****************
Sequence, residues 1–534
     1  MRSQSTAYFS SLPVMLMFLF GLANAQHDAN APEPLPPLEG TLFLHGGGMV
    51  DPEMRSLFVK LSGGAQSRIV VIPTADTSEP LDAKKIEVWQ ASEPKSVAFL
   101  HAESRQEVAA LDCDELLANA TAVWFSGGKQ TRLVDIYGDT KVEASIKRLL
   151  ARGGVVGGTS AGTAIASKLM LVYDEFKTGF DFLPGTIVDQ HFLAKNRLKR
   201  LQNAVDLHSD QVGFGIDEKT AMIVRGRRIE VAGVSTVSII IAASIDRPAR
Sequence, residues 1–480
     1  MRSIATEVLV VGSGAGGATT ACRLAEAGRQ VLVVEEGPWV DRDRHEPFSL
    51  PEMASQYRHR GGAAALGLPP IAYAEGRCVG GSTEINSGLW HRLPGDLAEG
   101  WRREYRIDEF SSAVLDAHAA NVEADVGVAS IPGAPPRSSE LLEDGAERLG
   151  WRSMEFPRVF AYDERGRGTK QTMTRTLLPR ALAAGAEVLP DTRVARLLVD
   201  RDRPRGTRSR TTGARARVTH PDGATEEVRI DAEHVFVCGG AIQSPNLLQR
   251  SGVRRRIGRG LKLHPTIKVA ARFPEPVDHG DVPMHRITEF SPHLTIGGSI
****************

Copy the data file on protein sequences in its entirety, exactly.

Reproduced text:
Sequence, residues 1–534
     1  MRSQSTAYFS SLPVMLMFLF GLANAQHDAN APEPLPPLEG TLFLHGGGMV
    51  DPEMRSLFVK LSGGAQSRIV VIPTADTSEP LDAKKIEVWQ ASEPKSVAFL
   101  HAESRQEVAA LDCDELLANA TAVWFSGGKQ TRLVDIYGDT KVEASIKRLL
   151  ARGGVVGGTS AGTAIASKLM LVYDEFKTGF DFLPGTIVDQ HFLAKNRLKR
   201  LQNAVDLHSD QVGFGIDEKT AMIVRGRRIE VAGVSTVSII IAASIDRPAR
Sequence, residues 1–480
     1  MRSIATEVLV VGSGAGGATT ACRLAEAGRQ VLVVEEGPWV DRDRHEPFSL
    51  PEMASQYRHR GGAAALGLPP IAYAEGRCVG GSTEINSGLW HRLPGDLAEG
   101  WRREYRIDEF SSAVLDAHAA NVEADVGVAS IPGAPPRSSE LLEDGAERLG
   151  WRSMEFPRVF AYDERGRGTK QTMTRTLLPR ALAAGAEVLP DTRVARLLVD
   201  RDRPRGTRSR TTGARARVTH PDGATEEVRI DAEHVFVCGG AIQSPNLLQR
   251  SGVRRRIGRG LKLHPTIKVA ARFPEPVDHG DVPMHRITEF SPHLTIGGSI